Fromm Pate Dog Food Review (Canned)

Rating:

Fromm Pate canned dog food receives the Advisor’s second-highest tier rating of 4.5 stars.

The Fromm Pate product line includes 10 canned dog foods.

Each recipe below includes its related AAFCO nutrient profile when available on the product’s official webpage: Growth, Maintenance, All Life Stages, Supplemental or Unspecified.

Important: Because many websites do not reliably specify which Growth or All Life Stages recipes are safe for large breed puppies, we do not include that data in this report. Be sure to check actual packaging for that information.

Use the links below to check prices and package sizes at an online retailer.

  • Fromm Chicken Pate [A]
  • Fromm Seafood Medley Pate [A]
  • Fromm Venison and Lentil Pate [A]
  • Fromm Chicken and Duck Pate [A]
  • Fromm Beef and Sweet Potato Pate [A]
  • Fromm Whitefish and Lentil Pate (5 stars) [A]
  • Fromm Turkey and Pumpkin Pate (5 stars) [A]
  • Fromm Lamb and Sweet Potato Pate (4 stars) [A]
  • Fromm Chicken and Sweet Potato Pate (5 stars) [A]
  • Fromm Turkey, Duck, and Sweet Potato Pate (5 stars) [A]

Fromm Beef and Sweet Potato Pate was selected to represent the other products in the line for this review.

Fromm Grain Free Beef and Sweet Potato Pate

Canned Dog Food

Estimated Dry Matter Nutrient Content

Protein = 41% | Fat = 18% | Carbs = 33%

Ingredients: Beef, beef broth, beef liver, sweet potatoes, lentils, carrots, potatoes, peas, tomato paste, salt, potassium chloride, salmon oil, minerals, calcium sulfate, xanthan gum, locust bean gum, vitamins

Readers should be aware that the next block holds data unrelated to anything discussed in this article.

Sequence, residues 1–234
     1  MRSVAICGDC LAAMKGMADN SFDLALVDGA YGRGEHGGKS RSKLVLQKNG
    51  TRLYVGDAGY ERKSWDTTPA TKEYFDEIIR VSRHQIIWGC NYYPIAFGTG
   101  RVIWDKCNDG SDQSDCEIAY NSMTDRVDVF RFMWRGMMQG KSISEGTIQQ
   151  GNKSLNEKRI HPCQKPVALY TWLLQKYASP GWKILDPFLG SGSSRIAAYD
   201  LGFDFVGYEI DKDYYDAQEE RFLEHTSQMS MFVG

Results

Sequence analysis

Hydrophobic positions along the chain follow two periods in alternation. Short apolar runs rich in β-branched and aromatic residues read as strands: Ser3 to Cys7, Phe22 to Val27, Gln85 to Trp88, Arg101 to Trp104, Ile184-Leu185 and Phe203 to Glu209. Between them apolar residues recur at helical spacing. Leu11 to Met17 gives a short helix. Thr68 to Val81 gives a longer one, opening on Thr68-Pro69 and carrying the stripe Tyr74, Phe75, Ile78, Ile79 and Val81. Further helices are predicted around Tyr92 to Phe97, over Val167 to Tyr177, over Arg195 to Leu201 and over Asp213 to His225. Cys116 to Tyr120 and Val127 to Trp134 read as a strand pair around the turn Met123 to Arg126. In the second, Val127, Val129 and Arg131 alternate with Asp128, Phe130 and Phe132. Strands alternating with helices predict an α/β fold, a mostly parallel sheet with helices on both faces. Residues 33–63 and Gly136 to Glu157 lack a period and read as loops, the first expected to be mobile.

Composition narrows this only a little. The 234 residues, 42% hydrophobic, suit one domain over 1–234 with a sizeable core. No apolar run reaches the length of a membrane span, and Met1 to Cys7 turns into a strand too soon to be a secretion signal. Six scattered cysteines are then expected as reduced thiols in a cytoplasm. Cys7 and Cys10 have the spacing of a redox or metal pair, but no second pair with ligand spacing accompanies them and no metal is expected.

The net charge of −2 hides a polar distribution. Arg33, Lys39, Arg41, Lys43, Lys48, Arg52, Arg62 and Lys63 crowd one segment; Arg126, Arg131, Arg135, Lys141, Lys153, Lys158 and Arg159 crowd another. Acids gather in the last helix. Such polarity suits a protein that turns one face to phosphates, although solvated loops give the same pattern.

Fiber (estimated dry matter content) = 6.8%

Red denotes controversial item

Estimated Nutrient Content
MethodProteinFatCarbs
Guaranteed Analysis9%4%NA
Dry Matter Basis41%18%33%
Calorie Weighted Basis35%38%28%
Protein = 35% | Fat = 38% | Carbs = 28%

The first ingredient in this dog food is beef. Beef is defined as “the clean flesh derived from slaughtered cattle” and includes skeletal muscle or the muscle tissues of the tongue, diaphragm, heart or esophagus.1

Beef is naturally rich in all ten essential amino acids required by a dog to sustain life.

The second ingredient is beef broth. Broths are of only modest nutritional value. Yet because they add both flavor and moisture to a dog food, they are a common addition component in many canned products.

The third ingredient is beef liver. This is an organ meat sourced from a named animal and thus considered a beneficial component.

The fourth ingredient lists sweet potato. Sweet potatoes are a gluten-free source of complex carbohydrates in a dog food. They are naturally rich in dietary fiber and beta carotene.

The fifth ingredient includes lentils. Lentils are a quality source of carbohydrates. Plus (like all legumes) they’re rich in natural fiber.

However, lentils contain about 25% protein, a factor that must be considered when judging the actual meat content of this dog food.

The sixth ingredient lists carrots. Carrots are rich in beta-carotene, minerals and dietary fiber.

The seventh ingredient is potato. Potatoes can be considered a gluten-free source of digestible carbohydrates. Yet with the exception of perhaps their caloric content, potatoes are of only modest nutritional value to a dog.